Jordan: Modernization and Social Change
- How to Choose a Program
- View SIT Study Abroad Undergraduate Research / ISP Collection
- View the 2014 Overview Brochure (PDF, 2MB)
- View the 2014 Semester Catalog (PDF, 8MB)
- View the 2014 Summer Catalog (PDF, 1MB)
- View Our Photo Galleries on Flickr
- Academic Resources/Library
- Track Your Application Online
- US State Department "Students Abroad"
- SIT Study Abroad Gear
The program’s thematic seminar introduces key aspects of modernization and social change in Jordan. Lectures and excursions introduce students to the history and politics of Jordan, the rapid transformation of land and technology, shifting identities and roles within Jordanian culture, modernity and gender questions, economic and social development practices and regulations, immigration, media, and religion. The language course accommodates any level of Arabic language ability, and the course includes a focus on the Jordanian colloquial dialect.
The following syllabi are either from a recent session of this program or for an upcoming session. Because courses develop and change over time to take advantage of dynamic learning opportunities, actual course content will vary from term to term.
The syllabi can be useful for students, faculty, and study abroad offices in assessing credit transfer. Read more about credit transfer.
Modernization and Social Change - syllabus (PDF)
(MDES 3000 / 3 credits / 45 class hours)
An interdisciplinary course conducted in English, with required readings, examining the major national and international forces shaping contemporary Jordan, including the rapid transformation of land and technology, shifting identities and gender roles, economic and social development practices and regulations, immigration, youth, media, and religion. Resources utilized in the delivery of course content include the University of Jordan, Yarmouk University, the Ministry of Social Development, and the Ministry of Political Development.
Intensive Language Study: Beginning Modern Standard Arabic - syllabus (PDF)
(ARAB 1000–1500 / 6 credits / 90 class hours)
Intensive Language Study: Intermediate Modern Standard Arabic - syllabus (PDF)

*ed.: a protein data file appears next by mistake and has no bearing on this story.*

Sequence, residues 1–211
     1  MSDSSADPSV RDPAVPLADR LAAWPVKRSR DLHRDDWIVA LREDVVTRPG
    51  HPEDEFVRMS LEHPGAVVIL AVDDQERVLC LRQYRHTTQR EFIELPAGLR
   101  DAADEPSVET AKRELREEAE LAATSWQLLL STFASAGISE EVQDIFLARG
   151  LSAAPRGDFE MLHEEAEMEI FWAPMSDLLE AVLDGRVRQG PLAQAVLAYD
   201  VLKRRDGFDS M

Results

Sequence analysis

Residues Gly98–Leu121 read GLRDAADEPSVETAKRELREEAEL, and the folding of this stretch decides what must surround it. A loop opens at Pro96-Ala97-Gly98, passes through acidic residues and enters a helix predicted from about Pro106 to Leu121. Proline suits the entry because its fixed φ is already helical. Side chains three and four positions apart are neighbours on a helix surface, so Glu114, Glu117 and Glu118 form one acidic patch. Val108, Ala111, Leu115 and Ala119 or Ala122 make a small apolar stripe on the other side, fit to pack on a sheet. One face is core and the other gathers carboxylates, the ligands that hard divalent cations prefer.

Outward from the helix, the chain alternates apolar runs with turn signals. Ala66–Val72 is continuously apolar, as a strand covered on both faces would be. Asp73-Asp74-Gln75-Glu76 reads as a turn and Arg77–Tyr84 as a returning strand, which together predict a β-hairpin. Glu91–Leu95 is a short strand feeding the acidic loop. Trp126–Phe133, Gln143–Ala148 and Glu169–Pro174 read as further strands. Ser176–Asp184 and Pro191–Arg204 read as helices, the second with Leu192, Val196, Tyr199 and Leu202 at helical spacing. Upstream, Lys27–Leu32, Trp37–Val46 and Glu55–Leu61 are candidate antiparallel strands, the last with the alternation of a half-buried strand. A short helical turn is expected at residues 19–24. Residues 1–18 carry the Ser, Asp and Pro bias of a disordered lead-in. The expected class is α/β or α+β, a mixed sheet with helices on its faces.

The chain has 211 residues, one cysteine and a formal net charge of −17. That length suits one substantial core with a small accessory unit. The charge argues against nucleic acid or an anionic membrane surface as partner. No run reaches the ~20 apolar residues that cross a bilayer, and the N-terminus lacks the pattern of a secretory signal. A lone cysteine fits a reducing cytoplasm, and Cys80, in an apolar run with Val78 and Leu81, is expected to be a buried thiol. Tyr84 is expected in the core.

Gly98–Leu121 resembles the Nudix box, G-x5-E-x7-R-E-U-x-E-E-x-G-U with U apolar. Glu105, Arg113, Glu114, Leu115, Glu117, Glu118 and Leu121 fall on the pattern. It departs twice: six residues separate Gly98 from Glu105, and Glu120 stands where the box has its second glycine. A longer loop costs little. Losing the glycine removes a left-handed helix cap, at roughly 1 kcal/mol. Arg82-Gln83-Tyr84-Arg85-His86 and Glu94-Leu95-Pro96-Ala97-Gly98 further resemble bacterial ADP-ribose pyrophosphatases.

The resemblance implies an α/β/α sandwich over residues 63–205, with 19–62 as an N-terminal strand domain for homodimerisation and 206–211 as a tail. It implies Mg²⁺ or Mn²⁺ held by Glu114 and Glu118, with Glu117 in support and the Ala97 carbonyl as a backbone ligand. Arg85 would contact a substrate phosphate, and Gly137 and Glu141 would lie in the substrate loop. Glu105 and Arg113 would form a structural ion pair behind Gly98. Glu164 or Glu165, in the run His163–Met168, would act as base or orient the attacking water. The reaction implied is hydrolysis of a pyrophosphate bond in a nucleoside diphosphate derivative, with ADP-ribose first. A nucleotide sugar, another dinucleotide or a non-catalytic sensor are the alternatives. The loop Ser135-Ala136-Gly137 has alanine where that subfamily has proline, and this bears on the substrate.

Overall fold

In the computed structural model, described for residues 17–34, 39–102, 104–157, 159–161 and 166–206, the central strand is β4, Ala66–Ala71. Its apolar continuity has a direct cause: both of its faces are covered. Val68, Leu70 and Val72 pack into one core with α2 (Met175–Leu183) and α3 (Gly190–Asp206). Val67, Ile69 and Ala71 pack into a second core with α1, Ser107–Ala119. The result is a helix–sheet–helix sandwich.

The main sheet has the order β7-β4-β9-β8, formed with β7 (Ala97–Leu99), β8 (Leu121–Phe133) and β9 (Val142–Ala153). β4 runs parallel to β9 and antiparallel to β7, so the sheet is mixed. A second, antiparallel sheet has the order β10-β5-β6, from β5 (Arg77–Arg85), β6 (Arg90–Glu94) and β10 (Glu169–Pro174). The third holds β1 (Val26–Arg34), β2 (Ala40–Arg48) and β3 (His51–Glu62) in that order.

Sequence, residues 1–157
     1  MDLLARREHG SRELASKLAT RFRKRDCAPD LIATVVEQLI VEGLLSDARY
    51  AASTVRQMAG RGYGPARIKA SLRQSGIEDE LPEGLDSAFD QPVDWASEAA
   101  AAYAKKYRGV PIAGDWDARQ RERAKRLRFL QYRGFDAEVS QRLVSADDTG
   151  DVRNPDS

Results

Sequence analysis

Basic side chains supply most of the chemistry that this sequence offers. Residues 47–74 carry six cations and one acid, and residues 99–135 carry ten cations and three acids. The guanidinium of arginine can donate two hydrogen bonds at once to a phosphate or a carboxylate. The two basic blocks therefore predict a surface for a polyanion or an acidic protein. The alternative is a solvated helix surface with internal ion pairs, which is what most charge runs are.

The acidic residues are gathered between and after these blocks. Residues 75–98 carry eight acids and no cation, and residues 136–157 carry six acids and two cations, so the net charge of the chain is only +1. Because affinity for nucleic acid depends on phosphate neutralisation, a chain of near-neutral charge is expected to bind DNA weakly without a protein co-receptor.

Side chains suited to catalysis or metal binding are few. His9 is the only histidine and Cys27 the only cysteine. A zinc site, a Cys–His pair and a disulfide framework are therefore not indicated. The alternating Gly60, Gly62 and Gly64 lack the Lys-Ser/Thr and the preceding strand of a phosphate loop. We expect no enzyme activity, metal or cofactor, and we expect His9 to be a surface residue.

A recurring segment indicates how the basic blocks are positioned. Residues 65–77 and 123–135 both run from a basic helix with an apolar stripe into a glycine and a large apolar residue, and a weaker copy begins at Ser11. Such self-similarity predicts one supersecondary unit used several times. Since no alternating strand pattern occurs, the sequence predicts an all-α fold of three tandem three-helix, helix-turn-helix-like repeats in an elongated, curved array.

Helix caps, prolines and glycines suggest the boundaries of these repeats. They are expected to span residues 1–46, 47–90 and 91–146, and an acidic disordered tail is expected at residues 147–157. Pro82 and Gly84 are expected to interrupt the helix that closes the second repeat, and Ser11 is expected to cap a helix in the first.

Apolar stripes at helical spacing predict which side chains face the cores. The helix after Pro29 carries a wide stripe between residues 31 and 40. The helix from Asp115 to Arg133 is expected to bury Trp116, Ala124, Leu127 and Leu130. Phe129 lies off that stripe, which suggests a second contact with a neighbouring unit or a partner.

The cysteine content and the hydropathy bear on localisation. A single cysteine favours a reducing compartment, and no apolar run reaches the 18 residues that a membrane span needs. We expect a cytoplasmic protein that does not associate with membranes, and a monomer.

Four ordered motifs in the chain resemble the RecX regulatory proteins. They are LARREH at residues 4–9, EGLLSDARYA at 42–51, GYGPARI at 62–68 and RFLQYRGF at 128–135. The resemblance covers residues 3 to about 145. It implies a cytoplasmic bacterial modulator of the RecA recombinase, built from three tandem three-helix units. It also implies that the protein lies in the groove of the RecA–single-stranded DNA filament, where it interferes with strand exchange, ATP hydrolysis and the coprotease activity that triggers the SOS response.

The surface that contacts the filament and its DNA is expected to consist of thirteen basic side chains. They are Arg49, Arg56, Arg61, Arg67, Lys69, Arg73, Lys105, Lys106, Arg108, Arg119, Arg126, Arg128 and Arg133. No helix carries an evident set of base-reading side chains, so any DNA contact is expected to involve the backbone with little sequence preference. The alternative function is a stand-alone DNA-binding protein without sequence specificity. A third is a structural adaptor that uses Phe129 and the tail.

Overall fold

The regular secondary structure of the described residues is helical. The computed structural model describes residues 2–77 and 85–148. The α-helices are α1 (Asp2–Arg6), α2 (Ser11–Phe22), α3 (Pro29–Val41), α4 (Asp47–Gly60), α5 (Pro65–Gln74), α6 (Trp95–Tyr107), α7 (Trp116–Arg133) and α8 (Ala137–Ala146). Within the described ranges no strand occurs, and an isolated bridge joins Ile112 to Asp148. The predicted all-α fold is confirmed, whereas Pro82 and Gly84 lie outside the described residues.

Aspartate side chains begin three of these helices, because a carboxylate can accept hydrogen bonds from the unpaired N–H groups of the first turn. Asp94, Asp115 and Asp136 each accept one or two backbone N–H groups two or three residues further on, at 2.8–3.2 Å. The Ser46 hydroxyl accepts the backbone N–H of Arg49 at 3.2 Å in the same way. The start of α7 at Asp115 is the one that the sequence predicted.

(ARAB 2000–2500 / 6 credits, 90 class hours)
Intensive Language Study: Intermediate High/Advanced Modern Standard Arabic - syllabus (PDF)
(ARAB 3000–3500 / 6 credits, 90 class hours)
Emphasis on speaking, reading, and writing skills in Modern Standard Arabic through classroom and field instruction. Students are placed in intensive beginning, intermediate, or advanced classes based on in-country evaluation, including oral proficiency testing. There is further language practice in homestays and field visits. A component on Jordanian Colloquial Arabic is also part of the course.
Research Methods and Ethics - syllabus (PDF)
(ANTH 3500 / 3 credits / 45 class hours)
A qualitative research design course designed to provide an overview of methodological field study approaches within the local cultural context, affording students the tools necessary to conduct field research in Jordan. This course not only introduces field-based research skills (such as interviewing, and participant and non-participant observation), but also strengthens students’ cultural awareness through exercises and discussions about student positionality and the ethics of field work in Jordan. Research ethics and the Human Subjects Review process form a core component of the course. The dual focus on research methods and ethics prepares students for successful completion of primary field research in Jordan for the Independent Study Project.
Independent Study Project - syllabus (PDF)
(ISPR 3000 / 4 credits / 120 class hours)
Conducted in Amman or another approved location in Jordan appropriate to the project. Sample topic areas: the Jordanian political system; Jordan’s foreign policy; state power and the regulation of Islam; gender and forms of sexual expression; Jordan and the Gulf Corporation Council; political power of tribes; social change through modern art; the Christian population in Amman; nationalism in Jordan; women’s participation in Jordanian civil society; Islam and state discourses on development; nongovernmental organization and donor interaction in Jordan; freedom of expression in the Jordanian press; relationships among Jordanian youth.
View Student Evaluations for this program:
888.272.7881 (toll-free in US)
PO Box 676, 1 Kipling Road
Brattleboro, VT 05302 USA